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Backups are confusing. We never know what we should be backing up, how often we should be doing it, and sometimes it’s difficult to see the value in it. Backups are a bit like seat belts in cars. 99% of the time you think “what’s the point”, but when you have an accident you realise their value.

Why do I need to back up?

There are several reasons to back up your data, but all of them lead back to one thing: To protect your data and ensure business continuity in case of a disaster.

A disaster can be multiple things:

  • Hardware failure: The annual failure rate for hard disks is estimated to be around 1.2% – and for USB sticks it is much higher.
  • Natural disaster: Fires, floods, earthquakes. The world throws some crazy stuff at us and some of it can destroy data.
  • Disgruntled staff: People can do some strange things – in this example, an employee deleted £500k worth of data because he was being let go.
  • Accidents: What if you leave a laptop on a train? A USB stick falls out of your pocket? You accidentally press delete on a folder and it’s too big for your recycle bin?
  • Ransomware: Ransomware is a kind of computer virus whereby your system is totally encrypted and you are effectively held hostage, needing to pay to get your data back. If you have good backups, you can just restore from backup and pay nothing.

These are just some examples, but there are many more. It’s important to back up systems in case files are deleted – accidentally or purposefully – and you later decide you need to get them back.

confused

What do I need to back up?

Often people think they just need to back up everything. But it’s important to take a more pragmatic view, as backups cost money.

Let’s split this down in to Workstations (people’s individual computers and laptops), Servers, and Cloud Services.

Workstations

If, for example, you have 50 laptops in your organisation for users, do you really need 50 backups of all of the Windows system files? That’s usually about 15 GB per laptop, so about 750 GB total.

Our advice for workstations is not to do a full system backup. We recommend backing up your user data – that is documents, pictures, etc. Ask yourself two questions:

  • Did I create it?
  • Can I easily replace it?

It’s quite a quick process to reinstall Windows and put your applications back on, and often the disruption to your organisation (think organisation, not that user) is quite low, so it’s often not worth the storage costs.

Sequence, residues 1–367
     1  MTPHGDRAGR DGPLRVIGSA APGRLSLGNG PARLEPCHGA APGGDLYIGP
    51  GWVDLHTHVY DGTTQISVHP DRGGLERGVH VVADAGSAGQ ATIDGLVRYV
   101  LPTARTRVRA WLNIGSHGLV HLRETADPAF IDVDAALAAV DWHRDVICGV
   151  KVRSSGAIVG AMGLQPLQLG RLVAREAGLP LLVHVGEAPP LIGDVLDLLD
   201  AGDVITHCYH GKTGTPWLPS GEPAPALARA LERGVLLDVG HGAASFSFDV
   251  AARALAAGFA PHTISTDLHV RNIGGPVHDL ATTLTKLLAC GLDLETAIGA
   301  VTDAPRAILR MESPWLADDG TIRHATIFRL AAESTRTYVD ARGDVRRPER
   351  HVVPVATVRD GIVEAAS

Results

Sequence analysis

Sure, you might have a critical user with some quirky installs or configuration that for whatever reason you may feel it’s necessary to take a full system image, but generally it’s not worth it.

Servers

Servers are usually more complex. They usually have a lot of stuff configured, and the time to get all that configuration back is huge. Along with that, the impact to the organisation of a server going down is usually far more serious than a single workstation.

For this reason we typically recommend taking a full system image of servers. A full system image is a snapshot of the entire hard disk – in the event of a disaster the entire disk can be restored as though nothing ever happened.

Cloud Services

Backups

Often overlooked for backups – people generally assume it’s taken care of – cloud services are absolutely critical for backing up.

How much of your data is stored in the cloud, in Microsoft, AWS, Dropbox, Zoho, Hubspot, Salesforce, etc? What happens if they go bust tomorrow? There’s no guarantee they’d give you your data back if they went under. It’s unlikely, but what would the impact on your business be if it happened?

Also, how safe do you think your data is in the cloud? Most cloud providers do not provide backups. Their systems are massively resilient, sure, but accidents do happen so it’s important you are covered. In fact, here is an extract from AWS’s FAQ:

As with any environment, the best practice is to have a backup and to put in place safeguards against malicious or accidental deletion. For S3 data, that best practice includes secure access permissions, Cross-Region Replication, versioning, and a functioning, regularly tested backup.